Thursday, February 14, 2013

Clara and Mr. Tiffany

Clara and Mr. Tiffany
Susan Vreeland 2011
Random House Publishing

Against the unforgettable backdrop of New York near the turn of the twentieth century, from the Gilded Age world of formal balls and opera to the immigrant poverty of the Lower East Side, bestselling author Susan Vreeland again breathes life into a work of art in this extraordinary novel, which brings a woman once lost in the shadows into vivid color.

It’s 1893, and at the Chicago World’s Fair, Louis Comfort Tiffany makes his debut with a luminous exhibition of innovative stained-glass windows, which he hopes will honor his family business and earn him a place on the international artistic stage. But behind the scenes in his New York studio is the freethinking Clara Driscoll, head of his women’s division. Publicly unrecognized by Tiffany, Clara conceives of and designs nearly all of the iconic leaded-glass lamps for which he is long remembered.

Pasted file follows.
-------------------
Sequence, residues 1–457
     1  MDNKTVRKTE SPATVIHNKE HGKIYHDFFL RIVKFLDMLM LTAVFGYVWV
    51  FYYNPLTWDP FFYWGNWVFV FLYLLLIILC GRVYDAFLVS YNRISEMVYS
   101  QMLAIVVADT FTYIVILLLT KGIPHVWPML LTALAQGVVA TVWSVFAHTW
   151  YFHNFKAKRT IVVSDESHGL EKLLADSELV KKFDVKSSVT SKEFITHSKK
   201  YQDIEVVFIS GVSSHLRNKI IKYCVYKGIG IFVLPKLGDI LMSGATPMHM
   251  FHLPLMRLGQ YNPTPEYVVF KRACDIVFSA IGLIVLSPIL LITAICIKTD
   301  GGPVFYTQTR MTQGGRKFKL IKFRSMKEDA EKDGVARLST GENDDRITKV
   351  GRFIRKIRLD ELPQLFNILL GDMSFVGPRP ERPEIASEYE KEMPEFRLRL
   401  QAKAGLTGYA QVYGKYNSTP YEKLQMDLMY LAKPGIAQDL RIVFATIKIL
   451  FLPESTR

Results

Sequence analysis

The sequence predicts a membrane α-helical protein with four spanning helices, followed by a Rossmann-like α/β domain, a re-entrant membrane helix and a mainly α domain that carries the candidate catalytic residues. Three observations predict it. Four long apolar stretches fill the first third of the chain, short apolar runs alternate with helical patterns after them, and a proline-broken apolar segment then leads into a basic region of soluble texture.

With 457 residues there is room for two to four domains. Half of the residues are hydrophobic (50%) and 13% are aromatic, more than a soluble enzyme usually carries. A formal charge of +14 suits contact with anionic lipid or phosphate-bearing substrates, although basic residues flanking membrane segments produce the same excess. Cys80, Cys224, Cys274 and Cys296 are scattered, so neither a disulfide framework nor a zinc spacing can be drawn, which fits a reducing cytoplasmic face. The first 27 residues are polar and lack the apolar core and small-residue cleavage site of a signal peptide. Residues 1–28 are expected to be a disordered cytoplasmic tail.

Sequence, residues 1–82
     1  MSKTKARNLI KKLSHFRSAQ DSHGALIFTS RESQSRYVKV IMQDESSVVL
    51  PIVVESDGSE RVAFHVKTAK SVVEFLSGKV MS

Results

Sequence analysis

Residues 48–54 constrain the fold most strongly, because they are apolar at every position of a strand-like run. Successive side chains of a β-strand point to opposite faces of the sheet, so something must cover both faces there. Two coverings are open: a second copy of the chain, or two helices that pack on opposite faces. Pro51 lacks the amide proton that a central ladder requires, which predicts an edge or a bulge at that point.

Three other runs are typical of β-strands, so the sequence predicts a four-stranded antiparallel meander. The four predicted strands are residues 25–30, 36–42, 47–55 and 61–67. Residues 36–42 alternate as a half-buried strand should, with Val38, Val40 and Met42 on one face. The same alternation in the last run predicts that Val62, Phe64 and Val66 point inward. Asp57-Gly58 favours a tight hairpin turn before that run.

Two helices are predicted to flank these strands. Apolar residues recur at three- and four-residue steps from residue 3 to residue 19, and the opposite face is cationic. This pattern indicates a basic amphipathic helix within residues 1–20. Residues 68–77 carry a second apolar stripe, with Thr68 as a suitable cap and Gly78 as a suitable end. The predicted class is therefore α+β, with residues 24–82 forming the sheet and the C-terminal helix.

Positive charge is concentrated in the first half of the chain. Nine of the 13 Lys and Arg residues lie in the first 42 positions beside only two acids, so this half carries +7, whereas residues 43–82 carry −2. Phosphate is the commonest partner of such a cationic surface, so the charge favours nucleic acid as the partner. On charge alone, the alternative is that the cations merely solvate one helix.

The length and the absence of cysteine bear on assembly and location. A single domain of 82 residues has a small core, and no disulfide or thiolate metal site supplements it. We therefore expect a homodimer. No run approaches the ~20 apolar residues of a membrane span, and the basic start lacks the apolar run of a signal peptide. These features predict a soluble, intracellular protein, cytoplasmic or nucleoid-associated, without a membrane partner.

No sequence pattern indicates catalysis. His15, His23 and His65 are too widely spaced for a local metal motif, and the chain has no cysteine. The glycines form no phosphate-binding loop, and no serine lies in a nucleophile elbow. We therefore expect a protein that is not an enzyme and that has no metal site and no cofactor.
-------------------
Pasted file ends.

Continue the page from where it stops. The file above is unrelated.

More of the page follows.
Clara struggles with her desire for artistic recognition and the seemingly insurmountable challenges that she faces as a professional woman, which ultimately force her to protest against the company she has worked so hard to cultivate. She also yearns for love and companionship, and is devoted in different ways to five men, including Tiffany, who enforces to a strict policy: he does not hire married women, and any who do marry while under his employ must resign immediately. Eventually, like many women, Clara must decide what makes her happiest—the professional world of her hands or the personal world of her heart
Personal Review:
It was a really good book. I love historical fiction. The story a was nice little love story. It's about Clara, a woman who's husband is dead and is in charge of lamps. And we have Tiffany. The mastermind behind all this. He is a shy sensitive man. But he enforces a no married women policy. But they end up together in the end. I mean why wouldn't they? After all it's a love story it was inevitable. The book is about 500 pages but isn't a book as a whole but smaller "books" inside a large one. They all run together. So it's really just one book. The writing style was well paced and fun. You get a real insight into what life was for a Tiffany employee then. A wonderful frolic through time.

Grade: ++++
Book to read this week: Jane Eyre by Charlotte Brontë

(Sorry about not posting Tuesday but it's hard to if your internet's down.)

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